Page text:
Introduction The recent National Confidential Enquiry into Patient Outcome and Death (NCEPOD) report ‘Measuring the Units’ found that hospitals are missing opportunities to save the lives of people with alcohol-related liver disease (ARLD) by failing to provide early intervention and specialist consultant input.1
Methods We aimed to review the management of patients with decompensated liver disease in the first 24 h after admission to hospital. This was a region-wide audit including all Trusts in the Northern Deanery. An audit proforma was designed and data collected on consecutive admissions over a 3 month period.
Results 139 patients were included in the study; 69% male, median age 54 years (range 26–86 years). ARLD was the cause of liver disease in 88%. The median MELD score was 19 (range 6–39) and 88% had Child-Pugh Grade B or C disease. The commonest reasons for admission were ascites (28%), GI bleeding (21%), encephalopathy (19%) and jaundice (16%).
There was a 9% mortality rate during the admission and average length of stay was 15 days.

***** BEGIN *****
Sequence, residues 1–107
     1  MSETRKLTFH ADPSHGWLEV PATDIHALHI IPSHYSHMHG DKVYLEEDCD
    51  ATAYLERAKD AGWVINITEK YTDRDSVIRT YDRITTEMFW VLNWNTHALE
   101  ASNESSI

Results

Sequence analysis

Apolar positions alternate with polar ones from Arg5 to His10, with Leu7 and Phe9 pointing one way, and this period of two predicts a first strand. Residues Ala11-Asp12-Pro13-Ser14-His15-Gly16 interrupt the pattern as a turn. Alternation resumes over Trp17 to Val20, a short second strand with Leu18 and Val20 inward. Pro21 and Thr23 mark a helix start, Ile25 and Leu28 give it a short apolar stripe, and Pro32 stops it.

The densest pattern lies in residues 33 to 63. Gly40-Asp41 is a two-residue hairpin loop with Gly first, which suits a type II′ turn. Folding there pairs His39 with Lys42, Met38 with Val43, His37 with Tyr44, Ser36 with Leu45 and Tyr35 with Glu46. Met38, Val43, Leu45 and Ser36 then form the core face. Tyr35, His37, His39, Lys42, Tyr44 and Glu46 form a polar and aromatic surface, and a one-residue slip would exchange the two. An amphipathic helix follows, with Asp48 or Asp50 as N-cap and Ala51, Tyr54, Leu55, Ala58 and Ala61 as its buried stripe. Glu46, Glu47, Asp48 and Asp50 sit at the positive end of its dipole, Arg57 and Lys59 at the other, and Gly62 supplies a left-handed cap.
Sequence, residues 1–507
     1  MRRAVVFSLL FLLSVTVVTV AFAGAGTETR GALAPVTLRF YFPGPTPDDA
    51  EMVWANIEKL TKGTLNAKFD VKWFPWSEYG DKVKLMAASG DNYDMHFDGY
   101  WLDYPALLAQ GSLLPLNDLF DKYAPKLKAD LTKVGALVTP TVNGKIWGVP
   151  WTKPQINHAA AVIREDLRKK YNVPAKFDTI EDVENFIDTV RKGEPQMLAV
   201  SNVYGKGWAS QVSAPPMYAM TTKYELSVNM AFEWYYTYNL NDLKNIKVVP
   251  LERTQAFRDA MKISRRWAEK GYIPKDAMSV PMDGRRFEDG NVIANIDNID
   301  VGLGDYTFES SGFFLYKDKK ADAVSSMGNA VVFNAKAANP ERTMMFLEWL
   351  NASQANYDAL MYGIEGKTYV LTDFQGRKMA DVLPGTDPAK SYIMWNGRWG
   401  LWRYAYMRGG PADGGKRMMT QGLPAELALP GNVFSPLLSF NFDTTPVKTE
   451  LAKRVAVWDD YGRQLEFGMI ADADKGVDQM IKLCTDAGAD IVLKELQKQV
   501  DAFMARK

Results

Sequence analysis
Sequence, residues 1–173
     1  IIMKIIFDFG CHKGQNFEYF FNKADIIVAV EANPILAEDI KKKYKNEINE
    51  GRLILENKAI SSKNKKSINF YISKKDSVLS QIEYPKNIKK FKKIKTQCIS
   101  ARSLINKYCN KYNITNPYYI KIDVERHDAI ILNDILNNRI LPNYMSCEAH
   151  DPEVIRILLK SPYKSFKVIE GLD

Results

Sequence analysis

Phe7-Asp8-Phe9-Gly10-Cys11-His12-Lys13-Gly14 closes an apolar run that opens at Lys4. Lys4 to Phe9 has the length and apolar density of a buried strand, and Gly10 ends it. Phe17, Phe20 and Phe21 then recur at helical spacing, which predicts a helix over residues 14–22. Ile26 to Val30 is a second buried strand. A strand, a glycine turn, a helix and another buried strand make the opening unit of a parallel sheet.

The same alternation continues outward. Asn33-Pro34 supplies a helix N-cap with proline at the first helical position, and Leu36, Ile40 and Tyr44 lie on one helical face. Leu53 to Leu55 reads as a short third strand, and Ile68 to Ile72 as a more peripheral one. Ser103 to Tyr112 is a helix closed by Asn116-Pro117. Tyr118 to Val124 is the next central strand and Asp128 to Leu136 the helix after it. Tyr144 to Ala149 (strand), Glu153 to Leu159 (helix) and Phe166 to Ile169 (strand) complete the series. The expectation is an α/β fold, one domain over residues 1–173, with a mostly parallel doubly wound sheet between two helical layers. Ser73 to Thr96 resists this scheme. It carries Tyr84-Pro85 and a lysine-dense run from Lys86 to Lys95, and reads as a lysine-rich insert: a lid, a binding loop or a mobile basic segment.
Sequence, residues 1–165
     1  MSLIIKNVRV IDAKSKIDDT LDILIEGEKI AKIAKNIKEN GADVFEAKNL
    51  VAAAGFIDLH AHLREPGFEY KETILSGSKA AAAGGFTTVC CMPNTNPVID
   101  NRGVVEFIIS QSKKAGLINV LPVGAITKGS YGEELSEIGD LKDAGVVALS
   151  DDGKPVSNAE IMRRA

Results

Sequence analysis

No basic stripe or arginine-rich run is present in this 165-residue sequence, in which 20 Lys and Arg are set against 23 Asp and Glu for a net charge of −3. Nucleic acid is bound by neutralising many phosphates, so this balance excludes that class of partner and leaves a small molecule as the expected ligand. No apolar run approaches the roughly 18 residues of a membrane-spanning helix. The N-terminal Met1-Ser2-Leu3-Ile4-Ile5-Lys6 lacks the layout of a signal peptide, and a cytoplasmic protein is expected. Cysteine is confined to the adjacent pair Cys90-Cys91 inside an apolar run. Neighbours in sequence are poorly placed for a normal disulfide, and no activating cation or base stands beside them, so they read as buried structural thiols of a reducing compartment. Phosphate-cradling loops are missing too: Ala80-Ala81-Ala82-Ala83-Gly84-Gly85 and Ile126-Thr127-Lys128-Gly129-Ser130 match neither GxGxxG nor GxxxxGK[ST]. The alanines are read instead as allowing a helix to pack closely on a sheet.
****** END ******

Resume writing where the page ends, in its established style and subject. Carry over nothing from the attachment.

82 patients had clinical ascites; 62% had a diagnostic tap within 24 h of admission, 21% waited >24 h and 17% did not have a diagnostic tap. 18% had spontaneous bacterial peritonitis (SBP).
Previous alcohol history was only documented in 43% but current daily consumption was documented in 81%. Of patients with documented current alcohol excess, 92% received pabrinex and 94% were started on CIWA.
99% had their renal function checked on admission. 26% had renal impairment; 28% of whom did not have all their nephrotoxins stopped. Hyponatraemia (sodium <125 mmol/L) was present in 9%; 42% of whom did not have diuretics stopped.
27 (19%) patients had known or suspected variceal bleeding. 19% did not receive terlipressin and 30% did not receive vitamin K. 67% of patients had an upper GI endoscopy within 12 h of admission, and 78% within 24 h.
Hepatic encephalopathy was present in 32% of patients and lactulose commenced in 98%.
17% of patients were not seen by a consultant (any speciality) within 12 h of admission, 7% were not seen by a gastroenterology or hepatology consultant within 72 h of admission and 39% were not seen within 24 h.
Conclusion There are clear deficiencies in the acute management of patients with decompensated liver disease across the Northern region in keeping with the findings of the NCEPOD report. The findings of this audit will be shared across the region and we are instituting a ‘care bundle’ to focus on the key management of these patients and guide clinicians to improve patient care. We will re-audit to assess the impact of the ‘care bundle’ on patient care.
Disclosure of Interest None Declared.
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